It was obvious that during the preseason Week 2 matchup against the Arizona Cardinals, Kansas City Chiefs quarterback Patrick Mahomes wasn’t on his A-game. So naturally, Mahomes came out the following week and looked completely unstoppable in the final preseason game against the Minnesota Vikings.
He and the starting offense were on the field for 15 plays in two possessions; both drives ended in a touchdown. Mahomes finished with eight completions on nine attempts for 117 passing yards and two scores — which adds up to a perfect passer rating.
In his press conference after the game, Mahomes noted that the preparation leading into the preseason finale was closer to a legitimate game plan than it had been for the first two exhibition games — and it showed.
Reading the defense
On his second pass attempt, Mahomes threw a 35-yard touchdown pass to wide receiver Tyreek Hill on a deep route down the right sideline. His pre-snap recognition of the defense made it an easy throw-and-catch.
Tyreek TD. Trent Green broke it down on the broadcast— Ron Kopp Jr. (@Ron_Kopp) August 30, 2021
Vikings start in 2-high; SS gives away Cover 1 man by rolling down into Robber role pre-snap. Deep S is too far left to get over the top of Tyreek
Mahomes sees it pre-snap, confirms it post-snap, then fires away #Chiefs pic.twitter.com/Kf9fhz4xRM
The Vikings come out in a two-high safety look — but as the snap draws near, the strong safety creeps closer to the line of scrimmage. This indicates to Mahomes that the defense will likely be in Cover 1 man coverage — meaning that there will be only one safety helping over the top as defenders cover their men.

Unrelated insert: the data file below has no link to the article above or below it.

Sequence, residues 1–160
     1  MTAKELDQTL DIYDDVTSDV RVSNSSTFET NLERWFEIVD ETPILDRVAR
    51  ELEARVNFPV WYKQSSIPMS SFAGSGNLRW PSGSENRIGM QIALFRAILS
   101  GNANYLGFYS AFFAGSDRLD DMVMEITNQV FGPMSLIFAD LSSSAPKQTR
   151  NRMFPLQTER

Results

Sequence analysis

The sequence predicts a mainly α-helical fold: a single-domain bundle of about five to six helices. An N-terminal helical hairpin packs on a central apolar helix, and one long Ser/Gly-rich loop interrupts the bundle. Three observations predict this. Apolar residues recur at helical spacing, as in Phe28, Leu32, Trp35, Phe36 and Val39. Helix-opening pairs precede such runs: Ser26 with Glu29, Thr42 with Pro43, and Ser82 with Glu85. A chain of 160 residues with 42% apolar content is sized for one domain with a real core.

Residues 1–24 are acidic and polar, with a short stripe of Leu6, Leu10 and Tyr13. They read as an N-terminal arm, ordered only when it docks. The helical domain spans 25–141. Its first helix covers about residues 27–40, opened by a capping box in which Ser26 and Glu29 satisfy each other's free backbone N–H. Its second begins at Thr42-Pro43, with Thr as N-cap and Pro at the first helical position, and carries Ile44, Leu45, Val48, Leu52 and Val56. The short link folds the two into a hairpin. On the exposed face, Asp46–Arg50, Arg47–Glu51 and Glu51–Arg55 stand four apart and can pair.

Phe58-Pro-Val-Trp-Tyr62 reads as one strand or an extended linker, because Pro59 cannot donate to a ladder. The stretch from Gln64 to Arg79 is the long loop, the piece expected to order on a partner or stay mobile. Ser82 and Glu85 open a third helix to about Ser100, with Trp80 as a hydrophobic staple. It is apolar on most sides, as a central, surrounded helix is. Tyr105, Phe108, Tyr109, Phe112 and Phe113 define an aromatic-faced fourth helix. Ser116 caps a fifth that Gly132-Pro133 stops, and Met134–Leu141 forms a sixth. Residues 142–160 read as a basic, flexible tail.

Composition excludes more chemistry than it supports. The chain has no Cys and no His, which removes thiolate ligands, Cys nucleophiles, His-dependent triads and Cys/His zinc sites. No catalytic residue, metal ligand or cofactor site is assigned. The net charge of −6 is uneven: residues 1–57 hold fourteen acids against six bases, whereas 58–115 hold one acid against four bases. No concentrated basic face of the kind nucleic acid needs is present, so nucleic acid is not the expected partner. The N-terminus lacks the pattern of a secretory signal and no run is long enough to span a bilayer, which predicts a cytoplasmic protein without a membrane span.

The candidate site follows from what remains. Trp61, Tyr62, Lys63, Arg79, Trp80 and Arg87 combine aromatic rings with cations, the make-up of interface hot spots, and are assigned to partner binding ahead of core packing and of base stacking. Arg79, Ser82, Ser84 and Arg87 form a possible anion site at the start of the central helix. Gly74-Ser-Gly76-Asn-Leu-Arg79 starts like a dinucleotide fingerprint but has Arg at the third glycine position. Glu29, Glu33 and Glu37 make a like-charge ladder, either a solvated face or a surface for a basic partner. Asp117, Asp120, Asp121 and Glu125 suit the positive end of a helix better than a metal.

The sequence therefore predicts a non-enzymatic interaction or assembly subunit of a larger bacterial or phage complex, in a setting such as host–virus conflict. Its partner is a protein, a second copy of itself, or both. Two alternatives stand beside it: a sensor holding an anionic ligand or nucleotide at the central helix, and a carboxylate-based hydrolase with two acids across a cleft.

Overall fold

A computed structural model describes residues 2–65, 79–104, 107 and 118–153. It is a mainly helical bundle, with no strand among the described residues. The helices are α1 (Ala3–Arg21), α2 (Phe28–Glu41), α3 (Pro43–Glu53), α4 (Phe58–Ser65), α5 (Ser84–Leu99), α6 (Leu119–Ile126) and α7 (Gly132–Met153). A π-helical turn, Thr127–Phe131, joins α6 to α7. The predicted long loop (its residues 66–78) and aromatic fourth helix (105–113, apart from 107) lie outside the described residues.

Because the Vikings first want to show a two-high safety look, the deep safety is already cheated towards the left of the offensive formation. This makes it hard for the deep safety to help over the top of a deep route on the right side. Mahomes recognizes this — so he knows that on Hill’s go-route on the right, cornerback Bashaud Breeland will be the only player with any chance to stop it.
After the snap, Mahomes quickly confirms the Vikings are indeed in one-high safety coverage — and then let its rip to Hill. Breeland doesn’t stand a chance of keeping up with Hill — and the perfectly accurate pass results in a touchdown.
Classic Mahomes play on the Bell TD— Ron Kopp Jr. (@Ron_Kopp) August 30, 2021
Rolls right, sees none of his primary reads as open, knows exactly when Bell will release on route, purposefully throws low to keep Bell safe from big hit/ball possibly popping up in air because of it
Great play by Bell to get into EZ #Chiefs pic.twitter.com/QNFj0RIvgf
On his second touchdown pass, Mahomes read the defense post-snap rather than pre-snap.
Out of a four-tight end set, the Chiefs run one of their favorite red-zone concepts: a rollout that immediately has the running back running to the play-side flat. The defense covers the primary reads well — but Mahomes knows when tight end Blake Bell will be releasing into a route, so he quickly fires it back across his body to Bell. The purposefully low pass protects Bell from a big hit — and Bell makes a nice play to get into the end zone.